The Board of Trade had the power to disregard such objections and the Gas Company now called upon the Board to do so. The Board accordingly held an enquiry at their London Office and invited all concerned to attend; only Havant RDC (The Highway Authority) and the Gas Company turned up, so the Inspector went through the written submissions from the two Parish Councils and decided in favour of the promoters, granting the statutory powers asked for and reporting the matter to Parliament as required by the Gas and Waterworks Facilities Act 1870. The ‘Hayling Island Gas Order 1905’ became law on 4th August that year.
As the business grew there was an increase in the length of mains from 5 miles in 1904 to about 7 miles in 1909 (3). The number of customers rose from 80 to 130 in the same period, growing to 213 by December 1914. The annual make of about 1.5 million cubic feet when the new company took over rose to 2.3 in 1909 and 4.3 in 1914. Although their Order prescribed 14 candle power gas, the company in fact supplied 16, while the price to ordinary customers was kept down to 5 shillings well into the 1914-18 war. Slot customers paid more, as usual, at 6 shillings per thousand but that included the “free” meter, pipework, one pendant and one bracket lamp.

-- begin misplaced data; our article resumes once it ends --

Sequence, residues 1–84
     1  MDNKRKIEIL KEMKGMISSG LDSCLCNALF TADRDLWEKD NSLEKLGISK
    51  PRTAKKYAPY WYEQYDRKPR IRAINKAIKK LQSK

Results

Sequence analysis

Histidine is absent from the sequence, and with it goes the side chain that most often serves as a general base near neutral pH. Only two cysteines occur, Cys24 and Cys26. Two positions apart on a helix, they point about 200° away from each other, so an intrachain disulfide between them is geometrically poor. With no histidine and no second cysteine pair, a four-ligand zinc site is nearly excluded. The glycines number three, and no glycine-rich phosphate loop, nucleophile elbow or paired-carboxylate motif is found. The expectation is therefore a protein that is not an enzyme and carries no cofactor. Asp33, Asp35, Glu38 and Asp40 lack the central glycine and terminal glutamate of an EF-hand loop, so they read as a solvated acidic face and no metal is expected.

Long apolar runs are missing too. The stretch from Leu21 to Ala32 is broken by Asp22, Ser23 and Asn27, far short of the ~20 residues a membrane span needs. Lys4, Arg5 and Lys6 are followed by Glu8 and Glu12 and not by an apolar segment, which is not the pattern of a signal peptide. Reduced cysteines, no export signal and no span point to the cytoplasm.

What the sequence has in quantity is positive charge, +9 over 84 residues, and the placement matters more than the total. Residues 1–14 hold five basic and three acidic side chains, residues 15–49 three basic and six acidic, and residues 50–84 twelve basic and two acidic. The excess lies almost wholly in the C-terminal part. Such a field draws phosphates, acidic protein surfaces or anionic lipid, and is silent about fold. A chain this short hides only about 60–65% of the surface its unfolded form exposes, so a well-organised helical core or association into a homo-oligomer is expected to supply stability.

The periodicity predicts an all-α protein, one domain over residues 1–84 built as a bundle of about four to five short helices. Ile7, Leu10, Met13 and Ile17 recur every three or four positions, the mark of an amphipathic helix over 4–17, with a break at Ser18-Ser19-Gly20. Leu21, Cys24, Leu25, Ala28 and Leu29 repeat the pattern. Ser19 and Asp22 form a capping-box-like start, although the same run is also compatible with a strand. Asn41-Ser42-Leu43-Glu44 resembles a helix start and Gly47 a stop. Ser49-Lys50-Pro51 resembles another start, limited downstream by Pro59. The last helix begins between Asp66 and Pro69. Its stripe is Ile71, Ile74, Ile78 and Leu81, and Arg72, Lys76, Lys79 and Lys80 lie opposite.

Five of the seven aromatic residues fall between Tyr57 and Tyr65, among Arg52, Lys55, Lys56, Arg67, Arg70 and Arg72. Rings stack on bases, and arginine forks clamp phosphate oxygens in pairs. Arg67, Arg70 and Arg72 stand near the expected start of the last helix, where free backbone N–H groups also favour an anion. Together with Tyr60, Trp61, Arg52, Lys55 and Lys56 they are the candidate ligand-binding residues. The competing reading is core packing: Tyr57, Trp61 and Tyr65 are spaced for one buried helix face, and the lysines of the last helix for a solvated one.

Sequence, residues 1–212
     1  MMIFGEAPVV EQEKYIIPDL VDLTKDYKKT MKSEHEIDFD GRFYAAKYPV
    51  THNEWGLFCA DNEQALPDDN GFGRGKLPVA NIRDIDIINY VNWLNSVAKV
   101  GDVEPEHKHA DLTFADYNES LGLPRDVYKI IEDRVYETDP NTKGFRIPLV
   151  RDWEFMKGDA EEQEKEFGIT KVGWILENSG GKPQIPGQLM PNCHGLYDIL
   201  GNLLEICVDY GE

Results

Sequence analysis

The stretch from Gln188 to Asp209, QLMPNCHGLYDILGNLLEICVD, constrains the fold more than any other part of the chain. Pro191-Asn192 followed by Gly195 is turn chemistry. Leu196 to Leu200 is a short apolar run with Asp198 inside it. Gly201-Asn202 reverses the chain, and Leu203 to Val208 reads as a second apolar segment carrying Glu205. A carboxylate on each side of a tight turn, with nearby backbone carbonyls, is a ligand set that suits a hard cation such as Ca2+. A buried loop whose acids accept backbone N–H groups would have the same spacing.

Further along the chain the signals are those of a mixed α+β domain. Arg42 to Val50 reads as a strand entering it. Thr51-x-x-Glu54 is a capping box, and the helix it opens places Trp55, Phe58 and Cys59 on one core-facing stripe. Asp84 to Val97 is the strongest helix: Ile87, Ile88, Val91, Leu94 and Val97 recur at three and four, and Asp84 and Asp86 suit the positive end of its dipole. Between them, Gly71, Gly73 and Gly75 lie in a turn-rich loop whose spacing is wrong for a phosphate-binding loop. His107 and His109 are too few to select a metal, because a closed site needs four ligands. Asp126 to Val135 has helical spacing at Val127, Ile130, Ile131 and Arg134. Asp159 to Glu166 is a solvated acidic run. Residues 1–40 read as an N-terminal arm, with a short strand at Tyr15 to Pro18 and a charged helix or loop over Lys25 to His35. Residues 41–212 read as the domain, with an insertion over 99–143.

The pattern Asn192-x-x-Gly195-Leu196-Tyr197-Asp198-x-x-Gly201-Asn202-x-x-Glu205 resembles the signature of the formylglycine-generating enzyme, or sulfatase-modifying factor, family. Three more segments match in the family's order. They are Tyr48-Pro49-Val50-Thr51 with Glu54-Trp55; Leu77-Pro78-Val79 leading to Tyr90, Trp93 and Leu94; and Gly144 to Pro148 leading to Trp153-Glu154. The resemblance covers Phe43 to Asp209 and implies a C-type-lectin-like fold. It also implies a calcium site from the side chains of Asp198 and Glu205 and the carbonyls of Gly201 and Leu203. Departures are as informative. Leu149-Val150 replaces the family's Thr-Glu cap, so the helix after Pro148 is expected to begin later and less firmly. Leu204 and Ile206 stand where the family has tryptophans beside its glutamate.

When the permanent population of Hayling began its rapid growth in the early 1930’s the resources of the local gas company were soon overtaken, but the area was by now attractive to the much larger Portsmouth gas company, which was in a period of growth by acquisition. It was agreed, therefore, to sell the Hayling Island concern to the Portsmouth and Gosport Gas Company with effect from 1st April 1937. Soon afterwards the production of gas at Hayling Island ceased in favour of a bulk supply from the Portsmouth distribution system. Gas holders remained for many years at the former gasworks site in Station Road, however, and “Gas Works Cottage” can still be seen.
Natural gas was first supplied to Hayling Island on 15th June 1970, since when the demand for gas has increased even more rapidly. An additional supply main was soon needed; in part it follows the track of the now-abandoned railway line, for the railway was closed just as Hayling Island entered another period of growth in the 1960s.
J.B.Horne Hayling rev.4-2-96
- Journal of Gas Lighting, 5th December 1876.
- Kellys and the Gas Engineer’s Handbook 1884.
- Gas World Directory.
Many thanks to John and the National Gas Museum for providing the information.
Link to the National Gas Museum Website > www.nationalgasmuseum.org.uk